He said his first attempt to cross into Iran failed after Iranian forces opened fire on migrants trying to enter the country illegally.
“The Iranian border forces opened fire on the passengers, two of them were wounded, and the Taliban transferred them to Zaranj (the capital of Nimruz),” Saboor said.
“I traveled via the Pakistan route. Using an illegal route is difficult. It is like we passed seven iron mountains. The traffickers loaded us into a Toyota van and there were 20 of us in one car,” he said.
“We reached a resting area after one hour. Then we walked into the forest for two hours. Then they handed us over to the Pakistani driver. We traveled by foot for another two days in the forest until we reached the fenced border of Pakistan. We stayed there for two days, then we were handed over to the Iranian driver at the border of Iran, and we went to Mirjaveh and toward Zahedan by car,” he added.
“I owed seven million Tomans to the trafficker. I had to work and pay him back. I was working at a chicken processing company and had a monthly salary of three million Tomans,” he said.
A trafficker’s story
Sayeed Karim is one of countless human traffickers who has been transporting illegal Afghan migrants to Iran from Zaranj for two years.
According to him this business has become particularly lucrative as there has been an unprecedented increase in migrants following the collapse of the republic last year. He also said it’s not just human traffickers making good money but drug smugglers are also doing very well.
Karim said he transports migrants to Iran three times a week – using several different routes.
“We pay Iranian officials for each person,” he said, adding that a migrant pays between five million Tomans to 15 million depending on where they cross the border. He also said children get a “50% discount”.
“We transfer [passengers] through the Darvishk border for seven million Tomans, via the bridge for 10 to 15 million Tomans, for five million Tomans via the border wall, and for eight million Tomans via another route; and we offer a 50% discount for the children,” Karim said.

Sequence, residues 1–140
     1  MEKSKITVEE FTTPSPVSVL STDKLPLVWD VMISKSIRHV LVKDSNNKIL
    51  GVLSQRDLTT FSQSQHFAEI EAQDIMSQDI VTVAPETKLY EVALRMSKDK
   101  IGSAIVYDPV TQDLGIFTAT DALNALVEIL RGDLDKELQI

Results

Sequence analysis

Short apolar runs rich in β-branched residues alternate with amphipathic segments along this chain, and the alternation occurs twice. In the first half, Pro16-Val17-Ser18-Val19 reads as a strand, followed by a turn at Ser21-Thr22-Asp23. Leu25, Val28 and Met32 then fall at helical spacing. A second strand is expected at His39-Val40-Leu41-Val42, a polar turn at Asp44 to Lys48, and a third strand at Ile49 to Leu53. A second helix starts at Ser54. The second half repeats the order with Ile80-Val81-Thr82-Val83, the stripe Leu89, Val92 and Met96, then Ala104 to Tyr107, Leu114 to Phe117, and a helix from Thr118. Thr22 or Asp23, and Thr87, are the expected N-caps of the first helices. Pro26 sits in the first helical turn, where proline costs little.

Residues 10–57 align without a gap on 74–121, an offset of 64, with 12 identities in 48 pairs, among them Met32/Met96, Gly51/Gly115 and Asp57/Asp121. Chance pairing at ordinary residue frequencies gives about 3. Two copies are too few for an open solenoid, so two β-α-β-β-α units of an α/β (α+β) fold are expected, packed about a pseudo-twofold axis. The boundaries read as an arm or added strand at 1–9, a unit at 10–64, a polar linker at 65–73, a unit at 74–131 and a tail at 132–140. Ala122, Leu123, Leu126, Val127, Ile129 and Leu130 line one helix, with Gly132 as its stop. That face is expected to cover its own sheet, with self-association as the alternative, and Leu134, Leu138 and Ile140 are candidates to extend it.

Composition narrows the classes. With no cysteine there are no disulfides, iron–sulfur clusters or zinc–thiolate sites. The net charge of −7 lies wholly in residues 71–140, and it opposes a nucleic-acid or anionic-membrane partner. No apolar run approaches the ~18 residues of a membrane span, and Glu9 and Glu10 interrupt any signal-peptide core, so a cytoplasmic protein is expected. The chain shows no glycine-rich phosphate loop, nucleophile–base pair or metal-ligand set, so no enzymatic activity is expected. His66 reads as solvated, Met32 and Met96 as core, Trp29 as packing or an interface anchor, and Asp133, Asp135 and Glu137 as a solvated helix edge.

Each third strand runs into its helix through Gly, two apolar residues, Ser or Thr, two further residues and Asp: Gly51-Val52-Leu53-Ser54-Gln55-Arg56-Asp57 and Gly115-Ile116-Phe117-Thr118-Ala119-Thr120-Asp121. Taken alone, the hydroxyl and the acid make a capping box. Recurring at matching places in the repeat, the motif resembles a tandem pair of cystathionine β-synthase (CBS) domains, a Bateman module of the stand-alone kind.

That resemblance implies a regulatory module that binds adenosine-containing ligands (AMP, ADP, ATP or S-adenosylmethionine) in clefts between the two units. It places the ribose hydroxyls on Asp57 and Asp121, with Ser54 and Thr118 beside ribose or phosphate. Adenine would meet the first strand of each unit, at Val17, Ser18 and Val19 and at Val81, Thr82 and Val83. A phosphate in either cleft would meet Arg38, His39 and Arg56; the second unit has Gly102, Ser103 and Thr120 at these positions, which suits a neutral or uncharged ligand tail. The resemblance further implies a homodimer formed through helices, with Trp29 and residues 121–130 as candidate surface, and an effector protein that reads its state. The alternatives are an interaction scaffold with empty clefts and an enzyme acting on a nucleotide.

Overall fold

He also claimed that the Taliban charge 1,000 Afghanis for each migrant at the loading area. “But when the Iranian forces shoot people, the Taliban arrest the smugglers and bring the passengers back to the city,” he added.
Based on reports published by the Taliban’s directorate of refugees and repatriation, around 2,000 people enter the country from the Nimruz border on a daily basis.
Sediqullah Nusrat, head of the directorate stated: “Around 190,000 refugees have returned to the country over the last six months, some were forced [to return] and others volunteered.”
Taliban to “deal” with the traffickers
Taliban security officials have said they will take serious steps to fight the human trafficking syndicates. Mohammad Ebrahim Hewad, the commander of the third border battalion of the Taliban in Nimruz, said: “All illegal routes at border areas with Iran have been blocked for three months now and legal action is taken against human traffickers who are arrested while transporting passengers.”
He called on Afghans not to leave the country, stating: “If you want to travel abroad, go legally so that your dignity is safeguarded.”
But dozens of Afghan nationals who attempted to cross into Iran illegally have been killed or wounded in shootings this year. In July, a skirmish broke out between the Taliban and Iranian forces after Iranian forces shot at Afghan nationals resulting in the death and wounding of four Afghan children.